Mathematical fallacies are errors, typically committed with an intent to deceive, that occur in a mathematical proof or argument. A fallacy in an argument doesn't necessarily mean that the conclusion is necessarily incorrect, only that the argument itself is wrong. However, fallacious arguments can have surprising conclusions, as shown below:
1. | Let | x = 1 |
2. | Multiply each side by x | x² = x |
3. | Subtract 1 from both sides | x² − 1 = x − 1 |
4. | Divide both sides by x − 1 | x² − 1⁄x − 1 = 1 |
5. | Simplify | (x − 1)(x + 1)⁄x − 1 = 1 |
x + 1 = 1 | ||
6. | Subtract 1 from both sides | x = 0 |
7. | Substitute the value of x from step 1 | 1 = 0 |
The fallacy here is subtle. In step 2, multiplying both sides by x introduces an extraneous solution to the equation of x = 0. Then, in step 4, there is a division by x − 1, which is an illegal operation because x − 1 = 0 and you can't divide by zero. This illegal operation has the effect of leaving the extraneous solution x = 0 as the only solution to the equation.
You can use a similar method to "show" that any number is equal to any other number. For example, to show that 7 = −4:
If you've taken mathematics in high school or first-year university or college, you may have learned that an infinite geometric series has a sum if it is convergent; that is, if the ratio between any term and the previous term is less than 1 and greater than −1. Geometric series that are not convergent cannot be summed. If you ignore this, then you can come up with all kinds of strange results. For example:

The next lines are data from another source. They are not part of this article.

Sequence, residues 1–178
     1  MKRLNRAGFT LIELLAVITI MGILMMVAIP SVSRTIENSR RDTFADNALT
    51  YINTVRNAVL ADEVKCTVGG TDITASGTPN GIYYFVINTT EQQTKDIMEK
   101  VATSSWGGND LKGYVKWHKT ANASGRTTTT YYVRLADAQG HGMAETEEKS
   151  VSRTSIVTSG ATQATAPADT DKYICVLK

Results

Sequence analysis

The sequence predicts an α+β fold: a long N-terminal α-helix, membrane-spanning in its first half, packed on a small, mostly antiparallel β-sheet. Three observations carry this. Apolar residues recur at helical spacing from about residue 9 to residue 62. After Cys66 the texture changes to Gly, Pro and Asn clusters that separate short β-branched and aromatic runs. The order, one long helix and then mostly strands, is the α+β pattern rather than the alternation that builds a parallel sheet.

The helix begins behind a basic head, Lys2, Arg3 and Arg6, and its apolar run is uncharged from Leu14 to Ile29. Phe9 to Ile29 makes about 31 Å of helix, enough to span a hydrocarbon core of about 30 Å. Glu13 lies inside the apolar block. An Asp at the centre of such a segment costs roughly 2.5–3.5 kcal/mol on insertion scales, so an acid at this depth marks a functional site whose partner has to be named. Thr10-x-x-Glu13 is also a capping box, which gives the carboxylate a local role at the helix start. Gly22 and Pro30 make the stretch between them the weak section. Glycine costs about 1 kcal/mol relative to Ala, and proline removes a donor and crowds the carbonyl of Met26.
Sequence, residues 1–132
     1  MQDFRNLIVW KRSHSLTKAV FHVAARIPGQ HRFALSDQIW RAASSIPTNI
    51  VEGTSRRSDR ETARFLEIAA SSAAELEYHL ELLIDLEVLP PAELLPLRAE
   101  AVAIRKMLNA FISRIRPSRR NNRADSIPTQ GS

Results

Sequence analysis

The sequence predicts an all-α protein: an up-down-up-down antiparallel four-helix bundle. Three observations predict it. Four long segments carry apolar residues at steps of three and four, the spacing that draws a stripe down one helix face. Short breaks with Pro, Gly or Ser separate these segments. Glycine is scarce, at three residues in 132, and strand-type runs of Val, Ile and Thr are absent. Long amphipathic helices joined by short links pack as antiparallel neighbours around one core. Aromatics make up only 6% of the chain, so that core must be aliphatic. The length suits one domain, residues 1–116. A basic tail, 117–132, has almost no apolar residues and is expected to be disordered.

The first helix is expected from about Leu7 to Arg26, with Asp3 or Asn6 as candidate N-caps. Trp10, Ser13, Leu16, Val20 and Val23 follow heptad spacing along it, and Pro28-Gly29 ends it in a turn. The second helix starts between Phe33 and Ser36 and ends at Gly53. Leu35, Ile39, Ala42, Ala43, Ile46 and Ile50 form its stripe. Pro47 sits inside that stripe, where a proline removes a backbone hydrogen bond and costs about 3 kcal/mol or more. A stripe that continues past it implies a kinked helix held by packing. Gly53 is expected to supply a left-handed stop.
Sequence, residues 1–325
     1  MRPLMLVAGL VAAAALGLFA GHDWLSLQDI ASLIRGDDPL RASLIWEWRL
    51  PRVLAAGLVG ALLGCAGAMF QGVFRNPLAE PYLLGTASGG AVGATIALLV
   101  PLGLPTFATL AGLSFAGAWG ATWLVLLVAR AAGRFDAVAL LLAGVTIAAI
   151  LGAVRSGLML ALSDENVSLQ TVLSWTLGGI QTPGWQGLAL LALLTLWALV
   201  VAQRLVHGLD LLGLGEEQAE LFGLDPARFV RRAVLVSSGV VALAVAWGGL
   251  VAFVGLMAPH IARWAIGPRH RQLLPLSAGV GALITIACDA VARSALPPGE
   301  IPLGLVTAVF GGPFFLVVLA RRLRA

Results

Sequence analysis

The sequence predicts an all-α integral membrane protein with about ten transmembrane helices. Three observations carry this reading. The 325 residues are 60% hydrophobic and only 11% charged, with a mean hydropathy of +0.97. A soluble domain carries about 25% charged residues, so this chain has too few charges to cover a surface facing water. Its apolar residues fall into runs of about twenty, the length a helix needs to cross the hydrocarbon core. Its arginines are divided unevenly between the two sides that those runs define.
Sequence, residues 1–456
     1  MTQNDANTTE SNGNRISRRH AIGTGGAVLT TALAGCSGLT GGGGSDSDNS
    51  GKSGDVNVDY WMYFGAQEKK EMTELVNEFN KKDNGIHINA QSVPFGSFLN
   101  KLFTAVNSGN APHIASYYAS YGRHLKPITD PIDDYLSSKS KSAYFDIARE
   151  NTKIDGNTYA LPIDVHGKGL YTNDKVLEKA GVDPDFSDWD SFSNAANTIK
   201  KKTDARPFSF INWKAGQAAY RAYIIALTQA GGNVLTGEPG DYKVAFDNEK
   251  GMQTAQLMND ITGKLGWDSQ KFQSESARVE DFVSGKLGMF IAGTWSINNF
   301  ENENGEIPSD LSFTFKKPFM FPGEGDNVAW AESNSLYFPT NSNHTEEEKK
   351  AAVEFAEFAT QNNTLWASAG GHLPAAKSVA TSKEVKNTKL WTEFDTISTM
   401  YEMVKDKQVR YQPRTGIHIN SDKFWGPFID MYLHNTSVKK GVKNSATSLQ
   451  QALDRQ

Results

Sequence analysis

However, we could also group the series differently:
Since S is equal to both 1 and 0, then 1 = 0.
Here's another example:
Subtract 1 from both sides of the equation:
Now, we can multiply the original equation by 2, getting:
Both the second and third equation have the same sum, so:
But it is absurd that the sum of this series could be negative, since all of the terms are positive. The fallacy lies in assuming that a divergent series has a sum.
10¢ is equal to ^{1}⁄_{10} of a dollar. If we square both numbers, we get 100¢ = ^{1}⁄_{100} of a dollar. But ^{1}⁄_{100} of a dollar is just 1¢! Where did the other 99¢ go? Well, we didn't treat the units properly. If we square 10¢, the units are not ¢ and $, but ¢² (cents squared) and $² (dollars squared). The conversion factor between square dollars and square cents is 10,000, not 100, so the paradox vanishes.
You may also be interested in logical fallacies or in mathematical paradoxes. You may also be interested in a "proof" that you never go to school.